**Introduction**

Stata is a popular data analytics tool used by researchers for statistical analysis. Nowadays, there are numerous tools available for performing data analysis. The popular open-source programming tools like R and Python. Even though R and Python are open source and easy to implement, they are still not mature. What I felt after learning R and Python is that R has numerous libraries, but the syntax are not consistent across libraries, which sometimes makes it hard for research work. In case of python, the syntax are consistent but many statistical analysis methods or modelling approach are still not available or are in the phase of development. Thus, I have to often depend on paid software products which are feature rich and mature. Stata is one of them that I often use for research related analysis. Now Stata 17 offers integration with Python which makes the analysis process super easy and fun.

Letās say you are doing some analysis in python and want to do some statistical analysis. You searched the internet and realized that the implementation of the statistical model is not available in Python, or not the exact implementation available that you want, then you have to approach a paid software and perform the analysis.

Stataās new Jupyter notebook support makes it super easy. Now, you can send data from python to Stata and vice versa. For example, you can send a part of the data from python to Stata, conduct analysis and return the output to Python for further analysis or vice versa. This can be done entirely from Jupyter notebook.

**Aim of the Article**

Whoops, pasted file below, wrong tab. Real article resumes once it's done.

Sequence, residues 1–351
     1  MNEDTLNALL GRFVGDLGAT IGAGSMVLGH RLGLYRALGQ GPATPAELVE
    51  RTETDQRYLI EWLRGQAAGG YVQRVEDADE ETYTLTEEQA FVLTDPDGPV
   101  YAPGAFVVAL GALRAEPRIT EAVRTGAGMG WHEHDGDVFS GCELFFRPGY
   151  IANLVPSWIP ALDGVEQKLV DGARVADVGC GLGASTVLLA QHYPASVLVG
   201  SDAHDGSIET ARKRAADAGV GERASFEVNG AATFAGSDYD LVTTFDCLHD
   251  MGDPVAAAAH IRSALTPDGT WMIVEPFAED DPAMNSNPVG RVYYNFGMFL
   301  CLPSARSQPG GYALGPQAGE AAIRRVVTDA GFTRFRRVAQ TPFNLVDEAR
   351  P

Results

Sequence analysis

The aim of the article is to illustrate how we could utilise Python and Stata together to perform statistical analysis directly from Jupyter notebook.

**Article Outline**

- Stata in Ipython Notebook
- Loading a Dataset Into Python and Transferring it to Stata for Analysis
- Transferring Predictions from Stata to Python

## 1. Stata in Ipython Notebook

**Loading Stata**

To use the Stata in Ipython Notebook. First, you need to set up Python. Here, Iām using anaconda distribution and Python version 3.7. You need to ensure that you have Stata 17, which provides integration of Stata and Python in Ipython notebook/ Jupyter Notebook.

To start with the Ipython notebook you need to install ** stata-setup** package/library using pip.

*pip install stata-setup*

Next, open an Ipython notebook, and you need to import ** stata_setup** module. Further, we need to use

**and supply the directory where the Stata exist in your local machine, also specify the edition of Stata. Here in my case Iām using the Basic Edition so, ābeā.**

*stata_setup.config( )*Once you run it, you will see the following Stata page, indicating you are now connected to Stata desktop.

```
import stata_setup
stata_setup.config("D:\Application Installation\STATA", "be")
```

**Load auto Data in Stata**

First, Iām going to set the white tableau scheme permanently, which is a wonderful plot scheme.

You can enable it by installing `schemepack`

package developed by Asjad Naqvi. Follow the link for installation instructions: Link.

In jupyter notebook, to send any instruction to Stata we need to initiate the command with a** Ā %%stata**Ā magic command.

```
%%stata
set scheme white_tableau, perm
```

Once, we set the tableau scheme; next we start analysing data. Letās load the auto data.

Here, we used the system defaultĀ ** auto**Ā data and summarize it.

```
%%stata
sysuse auto, clear
summarize
```

**Generating a Scatter Plot**

Letās generate a scatter plot betweenĀ ** mpg**Ā andĀ

**Ā for Domestic and Foreign cars separately using theĀ**

*weight***Ā command.**

*twoway*```
%%stata
twoway (scatter mpg weight, msize(vlarge)), by(foreign)
```

**2. Loading a DataSet Into Python and Transferring it to Stata for Analysis**

Letās load the inbuiltĀ ** tips**Ā data from Pythonās Seaborn library.

```
import seaborn as sns
tips = sns.load_dataset("tips")
tips.head()
```

We can also check the value counts for categorical data.